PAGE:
2. Bird Dog –

    Enjoy:

    “We can be proud of serving to protect freedom and American ideals in this century and beyond. We are “one team” and we will commit ourselves to “one fight.” I look forward to the opportunity to work with you as your secretary. Semper Fi and SAIL SAFE.”
    Gordon England. Secretary of the Navy
    Secretary England’s Message to the Fleet

    “The Fightin “C” was my first command, and definitely the best. Still have the cruise book from “QuessPAC and FieldPAC 86″ and many fond memories of the command and crew. To all Conserver Salvage Sailors, SAIL SAFE. Steve ”

    “This is an all-hands responsibility, and I will count on everyone, from master, down to the newest junior shipmate, to support. It’s that important.”
    SAIL SAFE and keep the faith,
    Robert D. Reilly Jr.
    Rear Admiral, U.S. Navy
    Commander, Military Sealift Command

    “I feel that programs like Leaders To Sea are valuable in forging ties with our communities and I value the opportunity to meet you and educate you further about your Navy. Always ready and SAIL SAFE.”
    Terry Etnyre, VADM USN
    Commander, Naval Surface Forces

    “They may not have had a Sailor’s Creed then, but by god, because of their blood, sweat and tears, we are able to have one now. And, if each of us –you and I — is able and committed to the nation and our future, we’ll have the Sailor’s Creed for our children’s children and those who relieve us as we “go ashore” when the time comes. This creed is for them; this creed is for us. Until next time, shipmates, SAIL SAFE and sail together! I urge you to never stop believing in what it is we stand for.”
    FLTCM(SW/AW) Tom Howard, U.S. Pacific Fleet Master Chief

  3. At least the Candyman waits until someone says his name three times.

    I’m still trying to imagine a JO saying “sail safe” in a wardroom without getting his ass kicked.

  4. BBGame,
    I must admit that in my 29 years of active duty Naval Service (33 if one includes the 4 years @ the Boat School), which finally came to a close in 2006, … I never once heard the term “Sail Safe” spoken. The vast majority of these years were with the Submarine Force, … but did spend 2 1/2 years on a CRUDESGRU staff (deploying twice to the Med on CVBG’s) + two joint tours (USCINCLANT & SOUTHCOM) where I got to mingle with lots of non-bubbleheads.
    “Fair Winds & Following Seas” was always the closing salutation I seem to remember hearing. I don’t doubt you … just never personally experianced it to my best recollection.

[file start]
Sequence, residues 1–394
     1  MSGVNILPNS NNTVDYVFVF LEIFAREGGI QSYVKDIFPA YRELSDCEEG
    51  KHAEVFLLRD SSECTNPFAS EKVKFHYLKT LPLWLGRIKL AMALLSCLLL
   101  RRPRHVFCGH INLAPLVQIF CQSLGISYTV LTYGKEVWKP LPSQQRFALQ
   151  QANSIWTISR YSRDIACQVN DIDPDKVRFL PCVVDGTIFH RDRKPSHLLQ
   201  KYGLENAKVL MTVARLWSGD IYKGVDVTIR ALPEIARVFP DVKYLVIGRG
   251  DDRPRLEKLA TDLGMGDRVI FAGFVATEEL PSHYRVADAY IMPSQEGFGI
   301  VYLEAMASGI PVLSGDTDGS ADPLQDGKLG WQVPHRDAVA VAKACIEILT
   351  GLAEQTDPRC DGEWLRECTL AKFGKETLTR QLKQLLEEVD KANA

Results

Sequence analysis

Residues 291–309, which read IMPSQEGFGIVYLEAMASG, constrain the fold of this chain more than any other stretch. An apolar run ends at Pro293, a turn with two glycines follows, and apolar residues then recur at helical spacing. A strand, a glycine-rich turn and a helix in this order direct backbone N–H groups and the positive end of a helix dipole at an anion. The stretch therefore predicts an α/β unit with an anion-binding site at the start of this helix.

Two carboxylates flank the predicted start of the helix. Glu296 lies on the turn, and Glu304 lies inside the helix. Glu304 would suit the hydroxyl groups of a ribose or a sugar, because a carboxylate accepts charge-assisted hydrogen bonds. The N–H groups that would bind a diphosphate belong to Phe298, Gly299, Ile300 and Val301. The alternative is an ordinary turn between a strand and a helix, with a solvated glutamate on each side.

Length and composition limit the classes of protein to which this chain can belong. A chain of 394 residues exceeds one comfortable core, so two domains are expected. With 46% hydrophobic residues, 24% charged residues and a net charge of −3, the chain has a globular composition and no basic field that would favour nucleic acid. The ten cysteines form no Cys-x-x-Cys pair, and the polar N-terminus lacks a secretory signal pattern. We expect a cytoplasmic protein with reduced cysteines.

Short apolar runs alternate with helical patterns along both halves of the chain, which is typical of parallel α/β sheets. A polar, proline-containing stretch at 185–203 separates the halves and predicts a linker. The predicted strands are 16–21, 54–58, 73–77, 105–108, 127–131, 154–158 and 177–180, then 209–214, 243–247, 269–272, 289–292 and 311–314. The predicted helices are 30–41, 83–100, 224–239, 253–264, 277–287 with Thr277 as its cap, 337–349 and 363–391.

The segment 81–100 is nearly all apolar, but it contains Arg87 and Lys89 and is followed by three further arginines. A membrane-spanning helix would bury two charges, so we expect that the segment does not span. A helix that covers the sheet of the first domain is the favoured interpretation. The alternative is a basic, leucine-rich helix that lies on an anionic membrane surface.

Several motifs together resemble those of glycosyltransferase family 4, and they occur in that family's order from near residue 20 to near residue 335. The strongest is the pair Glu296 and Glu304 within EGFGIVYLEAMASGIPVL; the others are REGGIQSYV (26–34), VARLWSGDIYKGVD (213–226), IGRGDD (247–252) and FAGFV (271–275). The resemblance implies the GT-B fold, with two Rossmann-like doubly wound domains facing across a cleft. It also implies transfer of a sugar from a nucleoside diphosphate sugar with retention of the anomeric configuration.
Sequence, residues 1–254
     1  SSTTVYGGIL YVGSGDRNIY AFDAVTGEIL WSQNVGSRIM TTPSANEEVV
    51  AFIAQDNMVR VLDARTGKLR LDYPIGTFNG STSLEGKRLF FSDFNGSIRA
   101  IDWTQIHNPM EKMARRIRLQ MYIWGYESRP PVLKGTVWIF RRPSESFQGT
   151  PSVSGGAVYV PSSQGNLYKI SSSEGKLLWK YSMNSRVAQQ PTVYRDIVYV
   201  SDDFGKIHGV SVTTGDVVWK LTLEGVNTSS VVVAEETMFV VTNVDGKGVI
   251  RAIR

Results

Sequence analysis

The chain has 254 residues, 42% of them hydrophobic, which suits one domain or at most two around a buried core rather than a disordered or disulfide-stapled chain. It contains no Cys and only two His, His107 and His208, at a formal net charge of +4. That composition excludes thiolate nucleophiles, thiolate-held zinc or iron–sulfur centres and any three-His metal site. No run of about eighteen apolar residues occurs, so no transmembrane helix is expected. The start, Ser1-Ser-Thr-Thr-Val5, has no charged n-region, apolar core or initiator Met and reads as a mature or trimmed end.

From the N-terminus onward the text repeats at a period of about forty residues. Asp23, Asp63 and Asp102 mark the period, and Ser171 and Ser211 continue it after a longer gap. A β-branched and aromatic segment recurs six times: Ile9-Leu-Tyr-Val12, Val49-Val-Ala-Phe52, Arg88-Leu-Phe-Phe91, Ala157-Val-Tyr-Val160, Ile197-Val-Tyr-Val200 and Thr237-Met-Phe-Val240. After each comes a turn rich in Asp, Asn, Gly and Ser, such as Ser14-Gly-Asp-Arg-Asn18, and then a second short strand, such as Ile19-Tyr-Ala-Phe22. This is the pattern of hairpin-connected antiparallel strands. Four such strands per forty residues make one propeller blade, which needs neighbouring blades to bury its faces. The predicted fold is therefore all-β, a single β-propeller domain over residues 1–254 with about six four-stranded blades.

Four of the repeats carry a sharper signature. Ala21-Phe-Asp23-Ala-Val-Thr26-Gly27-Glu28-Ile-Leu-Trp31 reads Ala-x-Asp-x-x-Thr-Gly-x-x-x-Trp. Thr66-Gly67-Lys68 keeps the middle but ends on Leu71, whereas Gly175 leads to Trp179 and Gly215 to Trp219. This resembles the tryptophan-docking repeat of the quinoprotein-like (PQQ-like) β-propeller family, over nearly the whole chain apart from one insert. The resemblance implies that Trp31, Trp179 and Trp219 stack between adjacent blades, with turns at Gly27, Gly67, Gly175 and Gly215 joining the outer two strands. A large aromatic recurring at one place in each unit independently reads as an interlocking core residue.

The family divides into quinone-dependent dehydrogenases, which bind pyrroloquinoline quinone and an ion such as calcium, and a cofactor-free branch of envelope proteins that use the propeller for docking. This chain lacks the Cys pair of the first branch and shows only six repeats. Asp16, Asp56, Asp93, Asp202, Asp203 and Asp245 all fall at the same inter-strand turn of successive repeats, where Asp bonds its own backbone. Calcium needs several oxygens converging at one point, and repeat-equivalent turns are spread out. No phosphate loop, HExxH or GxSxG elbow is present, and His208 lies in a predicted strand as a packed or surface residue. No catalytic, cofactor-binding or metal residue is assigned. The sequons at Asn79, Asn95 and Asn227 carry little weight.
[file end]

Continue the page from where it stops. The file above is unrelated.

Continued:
GO NAVY … BEAT ARMY!!!

  5. Birddog, … Did you happen to see SI.com’s Stewart Mandel’s column today about his “top 10 issues” of spring football practice? #10 was about GA Tech & the TO offense that PJ will be installing :
    10) Is the triple-option back in vogue?

    When Georgia Tech takes to its Rose Bowl practice field March 24, it will be the beginning of a whole new era — that looks a whole lot like a previous era. After riding his modernized version of the triple option to raging success at Georgia Southern and Navy, new coach Paul Johnson arrives on the Plains looking to prove the once-dismissed relic of an offense can still thrive in the 21st century.

    Johnson’s offense is not a pure wishbone — he’s said in the past it incorporates elements of the run-and-shoot — but it’s a radical enough transformation that incumbent quarterback Taylor Bennett, a drop-back passer, transferred. In steps run/pass sophomore Josh Nesbitt, who, along with his teammates, will use these 15 practices to get acclimated to an offense that may well take the ACC by storm — but might also be quite the work in progress.

  6. I hadn’t seen it.

    Seeing people call that offense a “relic” always makes me chuckle.

  7. Kinda odd that it took Paul Johnson becoming coach @ a BCS conference school to finally have this offense “recognized” as potentially having an “impact” in the college game —> Navy has led the nation in rushing yards an unprecedented three years in a row (against Div 1 opponents) for crying out loud!!!
    I hope that he finds a QB who can run it effectively … and turns the ACC on it’s ear this fall.